Taffer came up and shook my hand - he'd got off with nothing worse than thirst and sunburn. As I turned to go, I wondered if I'd see him again.

Then it was back off to the hospital to change the bandages, and on to Cairo in a truck, with orders to keep off my left foot for a week. I wasn't sure if that was going to be possible, but I promised to do my best.

Cairo was as noisy, chaotic and smelly as I remembered. It was even worse, as this was the hot season, and the temperature regularly hit the hundreds. The filthy natives were even worse, always wanting baksheesh. Fortunately, being an officer, they put me up at a hotel with a bar. The bad news was the mosquitoes, which were much more prevalent than in the desert. I discovered to my delight that there were many few of them in my room on the third floor.

I spent most of the time propping up the bar. One or two fellow officers wanted me to visit a local establishment, but I wasn't interested. I was thinking of Eve. I had time to send out more letters, although the ones from home had not caught up yet.

Every day a nurse gave me a new bandage, and after a week they took the stitches out. I had no toenail left, but at least it wasn't a bloody mess. In the end, the toenail grew back, and I had enough of a toe left not to affect my walking, although I was never able to run full tilt again.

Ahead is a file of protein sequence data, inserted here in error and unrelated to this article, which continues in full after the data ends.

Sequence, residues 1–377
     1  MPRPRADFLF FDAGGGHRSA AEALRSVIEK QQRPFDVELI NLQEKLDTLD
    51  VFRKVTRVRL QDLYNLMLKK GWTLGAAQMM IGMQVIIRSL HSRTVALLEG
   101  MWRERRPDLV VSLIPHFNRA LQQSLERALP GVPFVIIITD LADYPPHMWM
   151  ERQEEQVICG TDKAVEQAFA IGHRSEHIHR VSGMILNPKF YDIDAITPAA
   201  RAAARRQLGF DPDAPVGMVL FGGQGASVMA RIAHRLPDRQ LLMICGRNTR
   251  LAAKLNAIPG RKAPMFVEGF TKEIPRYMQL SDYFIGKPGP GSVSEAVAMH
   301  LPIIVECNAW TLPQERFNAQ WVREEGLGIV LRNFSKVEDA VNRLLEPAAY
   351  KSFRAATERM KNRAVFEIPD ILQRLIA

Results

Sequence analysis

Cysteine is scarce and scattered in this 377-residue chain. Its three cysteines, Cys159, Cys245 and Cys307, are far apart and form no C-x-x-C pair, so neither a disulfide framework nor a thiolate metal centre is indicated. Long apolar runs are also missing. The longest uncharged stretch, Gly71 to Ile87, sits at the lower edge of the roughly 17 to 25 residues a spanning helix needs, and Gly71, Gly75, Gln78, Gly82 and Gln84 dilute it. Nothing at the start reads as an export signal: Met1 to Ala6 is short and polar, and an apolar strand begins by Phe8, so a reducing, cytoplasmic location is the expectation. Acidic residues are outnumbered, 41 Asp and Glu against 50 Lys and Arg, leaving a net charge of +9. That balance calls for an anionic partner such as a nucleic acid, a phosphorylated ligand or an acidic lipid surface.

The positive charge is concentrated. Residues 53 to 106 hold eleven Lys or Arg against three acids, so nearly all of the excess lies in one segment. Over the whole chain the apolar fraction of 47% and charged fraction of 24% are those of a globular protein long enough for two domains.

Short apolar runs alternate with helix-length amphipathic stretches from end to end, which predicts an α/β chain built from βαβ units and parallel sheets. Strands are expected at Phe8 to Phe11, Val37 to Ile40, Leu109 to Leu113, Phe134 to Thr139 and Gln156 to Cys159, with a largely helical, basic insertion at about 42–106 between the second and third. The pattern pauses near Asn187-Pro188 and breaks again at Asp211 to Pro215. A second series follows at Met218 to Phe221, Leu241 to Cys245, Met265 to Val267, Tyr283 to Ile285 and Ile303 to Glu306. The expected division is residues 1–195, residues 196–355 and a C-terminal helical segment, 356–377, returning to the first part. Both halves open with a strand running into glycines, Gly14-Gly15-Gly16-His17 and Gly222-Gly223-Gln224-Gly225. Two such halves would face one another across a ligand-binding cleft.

Then, all too soon, it was back to the grindstone. There were several bright spots. I got a new uniform, and another round of applause in the mess, although this time I had to buy the drinks.

Then I got to see my new crate, and my own crew. The photographer was a Harold Fox, known as Thumbs, as he seemed to make mistakes with everything except the actual photographs. I'll never know how such a clumsy man could do anything accurately. His assistant was Farmer Parsons, named from his West Country accent.

Then I had a new APO, and it turned out to be a fresh trainee, who was even younger than me. His name was Derek Hunter, and we had to look for a suitable nickname. It was so strange being in the pilot's seat for the first mission. I remembered how Beaner had handled it, and let the young chap land her as I pretended to sleep.

Well, soon there was a big push on, and the 8th Army broke through and relieved Tobruk. Then we were back in our old airfield. The jerries had been using it in the meantime, and most of it was destroyed, so we had to make do with tents for a while. The battle raged to and fro, and for a while we heard that the jerries had elements in our rear, as the old joke went. We managed to advance and cut them off, and then everything was looking great. At which point all hell broke loose in the Far East.
 
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The Hunter and the Hunted completed novel
A Slice of Life short story (horror)